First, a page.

Laundry Tales – a new Workshop in a Box

So sorry – though I’m actually delighted – but these went super fast! Orders halted for now!

A gorgeous box of goodies that will arrive through the post!

Aimed at stitchers with a love of vintage

At long last I’m ready to launch my latest Workshop in a Box and I’m keeping everything crossed that you’re going to love it! Pre-orders open on Monday 3rd May for ‘Laundry Tales’ – a rather lovely Story Collage.

I aim for these boxes to fall somewhere between an inspiration pack and a kit, so my expectation isn’t for you to make an exact replica of the piece pictured below, though by using the materials provided, working through the Making Notes and referring to the diagram and picture you can, of course, do so.

I absolutely encourage you to personalise my design and I’ll offer suggestions along the way.

Available May 2021 – Laundry Tales Story Collage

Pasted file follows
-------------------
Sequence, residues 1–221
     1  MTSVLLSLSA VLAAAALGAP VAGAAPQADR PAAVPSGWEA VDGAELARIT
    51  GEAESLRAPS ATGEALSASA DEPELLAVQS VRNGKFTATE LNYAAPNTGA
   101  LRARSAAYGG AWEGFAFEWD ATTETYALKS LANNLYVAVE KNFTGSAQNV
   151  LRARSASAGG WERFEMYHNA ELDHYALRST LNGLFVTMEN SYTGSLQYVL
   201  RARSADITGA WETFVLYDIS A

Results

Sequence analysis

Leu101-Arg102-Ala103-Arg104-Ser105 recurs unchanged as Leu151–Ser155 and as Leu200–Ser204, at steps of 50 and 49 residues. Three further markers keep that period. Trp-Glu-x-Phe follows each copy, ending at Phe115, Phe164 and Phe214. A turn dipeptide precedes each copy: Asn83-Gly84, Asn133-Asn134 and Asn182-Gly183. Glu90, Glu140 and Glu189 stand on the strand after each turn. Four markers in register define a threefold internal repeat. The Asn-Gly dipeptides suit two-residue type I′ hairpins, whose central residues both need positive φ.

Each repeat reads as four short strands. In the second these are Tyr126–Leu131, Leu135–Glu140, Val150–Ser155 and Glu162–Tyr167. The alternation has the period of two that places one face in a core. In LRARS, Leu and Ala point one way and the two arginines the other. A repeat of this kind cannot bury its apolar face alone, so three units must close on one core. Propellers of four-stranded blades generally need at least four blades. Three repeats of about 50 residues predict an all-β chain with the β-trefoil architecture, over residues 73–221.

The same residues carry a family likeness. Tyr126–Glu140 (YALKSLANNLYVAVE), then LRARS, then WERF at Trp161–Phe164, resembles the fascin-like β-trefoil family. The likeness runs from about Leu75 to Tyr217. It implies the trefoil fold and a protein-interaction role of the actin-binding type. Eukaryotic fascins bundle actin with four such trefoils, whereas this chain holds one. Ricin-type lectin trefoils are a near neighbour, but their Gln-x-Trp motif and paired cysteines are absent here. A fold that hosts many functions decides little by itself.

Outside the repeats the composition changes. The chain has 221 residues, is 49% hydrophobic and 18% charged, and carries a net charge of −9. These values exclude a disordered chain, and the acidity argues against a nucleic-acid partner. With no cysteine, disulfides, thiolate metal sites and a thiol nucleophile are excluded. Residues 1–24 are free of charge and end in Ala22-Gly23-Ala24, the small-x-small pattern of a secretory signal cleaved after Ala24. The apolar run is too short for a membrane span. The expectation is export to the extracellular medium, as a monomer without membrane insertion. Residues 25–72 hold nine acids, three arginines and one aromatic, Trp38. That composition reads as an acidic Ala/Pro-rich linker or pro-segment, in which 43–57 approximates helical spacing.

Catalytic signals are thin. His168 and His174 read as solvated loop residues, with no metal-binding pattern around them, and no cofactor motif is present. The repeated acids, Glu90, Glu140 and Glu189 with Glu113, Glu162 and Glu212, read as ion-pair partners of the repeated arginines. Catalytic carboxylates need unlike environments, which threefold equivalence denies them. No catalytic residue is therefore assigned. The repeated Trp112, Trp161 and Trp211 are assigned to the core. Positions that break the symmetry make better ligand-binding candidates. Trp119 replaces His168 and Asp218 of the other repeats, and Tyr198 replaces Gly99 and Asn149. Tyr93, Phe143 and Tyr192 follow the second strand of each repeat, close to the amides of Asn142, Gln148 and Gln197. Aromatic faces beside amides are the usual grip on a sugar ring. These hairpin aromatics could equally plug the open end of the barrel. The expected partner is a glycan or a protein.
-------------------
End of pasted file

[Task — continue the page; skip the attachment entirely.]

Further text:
To inspire & delight

The aim of these boxes is a simple one – to inspire & delight – in fact it’s become a bit of a mission statement.

I prepare everything in the box myself, as I would for a workshop and I love the thought of you rummaging through it!

The prep is completely ‘low tech‘, with everything done by hand which is incredibly time consuming, intensely satisfying and, in my opinion, rather beautiful. This is just one of the reasons why numbers are limited.
Tapes are typed by hand on my vintage typewriter that belonged to my mother-in-law.

The story behind

The inspiration behind Laundry Tales is an old domestic science jotter that a very lovely workshop friend found in her local charity shop and then very kindly gifted to me. I know –  I’m afraid I would never part with it, if it were me that had found it!!